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Posted in Uncategorized by Evan Lisull on 21 October 2009

Spanish InstructionHuge step forward for online education at UNC-Chapel Hill:

After several years of experimenting with “hybrid” Spanish courses that mix online and classroom instruction, the University of North Carolina at Chapel Hill has decided to begin conducting its introductory Spanish course exclusively on the Web.

Spanish 101, which had featured online lessons combined with one classroom session per week, will drop its face-to-face component in an effort to save on teaching costs and campus space in light of rising demand for Spanish instruction and a shrinking departmental budget.

Meanwhile, the department’s budget was slashed by $150,000 this year. It had been planning to shift its introductory courses online even before the recession hit, King said, in hopes of freeing up money to hire another instructor. Instead, the anticipated savings from the move have so far spared his department from personnel cuts.

Even as a partisan of online education, a stance further entrenched by the positive experience with my current online class (of which more will be said after the class is over), this might be going too far. It’s an oft-repeated truism that daily, face-to-face interactions are essential to learning a language, and such accepted facts are used to justify the university’s stringent attendance policies for language courses. Yet according to UNC,

Hosun Kim, director of the college’s Foreign Language Resource Center, said survey data gathered by the department revealed that while students in traditional courses said they thought they mastered the material better than their peers in hybrid courses, a comparative assessment of learning outcomes showed no difference between the two.

That’s not entirely true, if the Daily Tarheel’s report is to be believed: online students did slightly worse overall, but “drastically” worse on pronunciation. But are there any Spanish 101 students who have decent pronunciation?

It’s tempting to turn all defense of relative ineffectiveness to a Hansonian signal (see: health insurance, child care, voting,  and the female orgasm (you mean, coitus?)), but that approach very much seems to apply to occasionally irrational defenses of in-class education. Without a classroom setting, neither teachers nor students are given the opportunity to demonstrate that they care about the material being taught (which has benefits for both, in the form of career improvement and grade improvement, respectively). The prospect of pure, unadulterated information comprehension is imposing. (If there any studies out there on the relative effectiveness of in-class language instruction versus online instruction, I’d be glad to be corrected.)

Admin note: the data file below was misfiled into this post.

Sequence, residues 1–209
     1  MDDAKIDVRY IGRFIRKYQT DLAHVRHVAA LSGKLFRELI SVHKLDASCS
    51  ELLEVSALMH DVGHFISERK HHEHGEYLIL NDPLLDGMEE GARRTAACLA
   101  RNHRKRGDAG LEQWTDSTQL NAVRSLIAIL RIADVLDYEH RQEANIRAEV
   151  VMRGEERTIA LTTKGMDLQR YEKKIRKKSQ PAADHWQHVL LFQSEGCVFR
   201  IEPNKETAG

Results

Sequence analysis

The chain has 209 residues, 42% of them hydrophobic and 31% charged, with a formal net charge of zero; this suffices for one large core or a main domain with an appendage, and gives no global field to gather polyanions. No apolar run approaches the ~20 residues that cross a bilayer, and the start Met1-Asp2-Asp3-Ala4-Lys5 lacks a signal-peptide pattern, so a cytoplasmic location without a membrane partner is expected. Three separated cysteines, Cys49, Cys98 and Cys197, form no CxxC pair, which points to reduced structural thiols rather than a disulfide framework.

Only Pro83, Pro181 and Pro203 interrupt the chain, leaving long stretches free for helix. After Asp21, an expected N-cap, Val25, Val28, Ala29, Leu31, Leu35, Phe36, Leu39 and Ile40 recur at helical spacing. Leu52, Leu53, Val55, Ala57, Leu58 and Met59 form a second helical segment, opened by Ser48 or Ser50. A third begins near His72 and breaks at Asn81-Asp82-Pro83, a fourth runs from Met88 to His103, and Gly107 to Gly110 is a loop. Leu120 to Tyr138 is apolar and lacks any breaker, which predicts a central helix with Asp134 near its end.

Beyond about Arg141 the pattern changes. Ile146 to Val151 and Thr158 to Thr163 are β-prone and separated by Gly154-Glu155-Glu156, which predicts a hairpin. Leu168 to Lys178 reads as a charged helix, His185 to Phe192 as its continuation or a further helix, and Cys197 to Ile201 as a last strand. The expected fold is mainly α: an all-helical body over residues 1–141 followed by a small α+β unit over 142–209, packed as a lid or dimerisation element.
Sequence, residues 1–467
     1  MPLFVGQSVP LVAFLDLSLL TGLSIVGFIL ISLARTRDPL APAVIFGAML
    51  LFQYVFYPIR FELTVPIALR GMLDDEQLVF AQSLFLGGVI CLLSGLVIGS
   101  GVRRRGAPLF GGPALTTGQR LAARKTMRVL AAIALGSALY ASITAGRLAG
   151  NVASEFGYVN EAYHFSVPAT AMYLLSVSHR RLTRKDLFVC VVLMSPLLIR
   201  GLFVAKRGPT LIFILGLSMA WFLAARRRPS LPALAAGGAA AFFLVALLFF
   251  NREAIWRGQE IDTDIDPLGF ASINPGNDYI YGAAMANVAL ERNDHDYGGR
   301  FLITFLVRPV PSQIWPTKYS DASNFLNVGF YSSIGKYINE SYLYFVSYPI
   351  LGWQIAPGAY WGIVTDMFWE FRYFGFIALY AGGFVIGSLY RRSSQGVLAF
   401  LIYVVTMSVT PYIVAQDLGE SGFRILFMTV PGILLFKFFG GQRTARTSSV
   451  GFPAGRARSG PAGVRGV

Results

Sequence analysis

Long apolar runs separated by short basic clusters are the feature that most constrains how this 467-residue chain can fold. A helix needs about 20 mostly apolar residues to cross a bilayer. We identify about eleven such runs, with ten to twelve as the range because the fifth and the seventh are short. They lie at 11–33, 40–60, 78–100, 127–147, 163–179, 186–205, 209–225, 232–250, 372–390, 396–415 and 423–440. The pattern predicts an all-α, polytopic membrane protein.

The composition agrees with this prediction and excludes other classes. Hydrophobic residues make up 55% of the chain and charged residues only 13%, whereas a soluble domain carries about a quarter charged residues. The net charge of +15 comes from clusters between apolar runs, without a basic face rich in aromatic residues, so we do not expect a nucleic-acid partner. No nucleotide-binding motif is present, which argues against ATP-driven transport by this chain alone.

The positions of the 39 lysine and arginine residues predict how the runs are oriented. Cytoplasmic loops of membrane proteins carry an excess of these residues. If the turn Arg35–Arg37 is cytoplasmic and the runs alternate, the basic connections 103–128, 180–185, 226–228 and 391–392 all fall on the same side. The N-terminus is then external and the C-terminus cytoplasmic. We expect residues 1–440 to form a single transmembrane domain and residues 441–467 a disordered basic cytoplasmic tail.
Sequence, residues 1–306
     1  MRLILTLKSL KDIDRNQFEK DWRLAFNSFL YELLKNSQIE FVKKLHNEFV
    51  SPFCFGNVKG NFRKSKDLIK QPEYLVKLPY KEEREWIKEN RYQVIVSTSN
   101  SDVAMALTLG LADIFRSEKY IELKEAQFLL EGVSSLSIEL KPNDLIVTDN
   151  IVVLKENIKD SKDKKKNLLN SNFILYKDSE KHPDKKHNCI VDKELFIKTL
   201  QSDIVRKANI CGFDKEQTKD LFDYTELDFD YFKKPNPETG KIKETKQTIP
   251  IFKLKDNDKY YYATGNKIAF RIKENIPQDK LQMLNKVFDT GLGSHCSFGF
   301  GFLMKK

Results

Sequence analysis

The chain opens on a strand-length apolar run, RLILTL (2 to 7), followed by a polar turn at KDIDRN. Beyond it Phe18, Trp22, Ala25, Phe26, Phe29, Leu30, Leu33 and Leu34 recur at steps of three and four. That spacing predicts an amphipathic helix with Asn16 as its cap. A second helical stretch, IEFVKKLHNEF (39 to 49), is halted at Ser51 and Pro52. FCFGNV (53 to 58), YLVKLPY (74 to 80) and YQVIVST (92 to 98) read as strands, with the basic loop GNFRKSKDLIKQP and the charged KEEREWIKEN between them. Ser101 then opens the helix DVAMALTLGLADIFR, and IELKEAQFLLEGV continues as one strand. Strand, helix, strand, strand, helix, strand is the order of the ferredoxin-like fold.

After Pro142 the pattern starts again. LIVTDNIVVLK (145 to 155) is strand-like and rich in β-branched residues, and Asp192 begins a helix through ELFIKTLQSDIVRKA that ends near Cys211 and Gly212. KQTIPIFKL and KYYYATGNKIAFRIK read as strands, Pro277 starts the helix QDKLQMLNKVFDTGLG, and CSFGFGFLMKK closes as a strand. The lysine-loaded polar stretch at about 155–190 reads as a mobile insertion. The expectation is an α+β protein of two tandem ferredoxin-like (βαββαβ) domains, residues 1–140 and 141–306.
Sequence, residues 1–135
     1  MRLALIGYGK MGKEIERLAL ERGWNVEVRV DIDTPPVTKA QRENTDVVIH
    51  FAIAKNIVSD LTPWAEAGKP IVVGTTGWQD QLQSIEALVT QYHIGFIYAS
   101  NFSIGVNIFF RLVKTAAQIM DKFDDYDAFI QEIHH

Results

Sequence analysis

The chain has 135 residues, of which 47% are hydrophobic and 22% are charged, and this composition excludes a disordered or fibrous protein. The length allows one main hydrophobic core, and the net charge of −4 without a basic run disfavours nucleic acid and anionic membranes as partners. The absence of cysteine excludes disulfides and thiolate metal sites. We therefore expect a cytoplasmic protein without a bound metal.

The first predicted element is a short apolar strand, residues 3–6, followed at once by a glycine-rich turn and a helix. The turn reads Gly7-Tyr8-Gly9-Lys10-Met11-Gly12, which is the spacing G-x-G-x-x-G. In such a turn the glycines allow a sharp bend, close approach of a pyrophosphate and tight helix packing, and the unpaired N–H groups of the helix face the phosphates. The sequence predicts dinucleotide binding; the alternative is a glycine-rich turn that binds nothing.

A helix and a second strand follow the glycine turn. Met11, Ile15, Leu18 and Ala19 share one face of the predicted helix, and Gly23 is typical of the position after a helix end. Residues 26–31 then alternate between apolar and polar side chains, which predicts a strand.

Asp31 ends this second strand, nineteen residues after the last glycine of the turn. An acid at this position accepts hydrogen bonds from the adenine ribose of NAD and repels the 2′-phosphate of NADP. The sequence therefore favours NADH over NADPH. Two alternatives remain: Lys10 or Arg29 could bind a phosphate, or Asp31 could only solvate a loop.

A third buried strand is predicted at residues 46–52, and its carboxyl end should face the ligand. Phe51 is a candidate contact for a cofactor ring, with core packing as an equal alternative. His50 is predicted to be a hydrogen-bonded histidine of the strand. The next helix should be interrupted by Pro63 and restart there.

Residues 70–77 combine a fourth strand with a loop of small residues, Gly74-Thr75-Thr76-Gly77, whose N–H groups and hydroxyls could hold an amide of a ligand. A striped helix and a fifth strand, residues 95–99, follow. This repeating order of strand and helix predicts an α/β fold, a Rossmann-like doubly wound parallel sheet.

There are problems, though, beyond actual instruction. Not only are Spanish 101 classes taken primarily by freshmen, but as the most popular language Spanish is also more likely to draw in more academically-struggling students. Such in-person interaction is more necessary for students making the transition to college than for those taking upper-division courses.

At any rate, even if this program might be a step too far, it should highlight even more the ludicrous – and frankly, neo-Luddite – arguments against online education as a whole. If an introductory language course can be delivered effectively over the internet, there’s no reason that any other class (barring, perhaps, lab classes and other location-centric courses) can be done online as well.

NB: Also, only in Cloud-Cuckooland could you find a statement like this:

[Rosemary Feal, executive director of the Modern Language Association] did, however, caution against letting teaching decisions be guided by thrift. “The question of ‘How can we reduce the cost of delivering instruction’ is not what should be driving the decision, even though we all understand that universities are facing hard financial times,” Feal said. “A lot of tough decisions must be made, but those must always be made in thinking about what are the best instructional environment and opportunities for our students.”

So what should the university do – write the budget deficit off to structural oppression imposed by neoliberal, postcolonial hierarchies of patriarchal power, and proceed as though nothing has happened? This might actually be an approach Provost Hay could adopt – simply tell the professors that things like “salaries” and “budgets” are just vestigial structural concepts of the old world order, and that the professariat really needs to get hip and start liberating their consciousness.

One Response

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  1. Ben Kalafut said, on 21 October 2009 at 1:53 pm

    OMG in North Carolina taxes (which is = THEFT) are taken to teach people SPANISH? This is North America; we speak ENGLISH!!!!!1111!!!11!1!ONE

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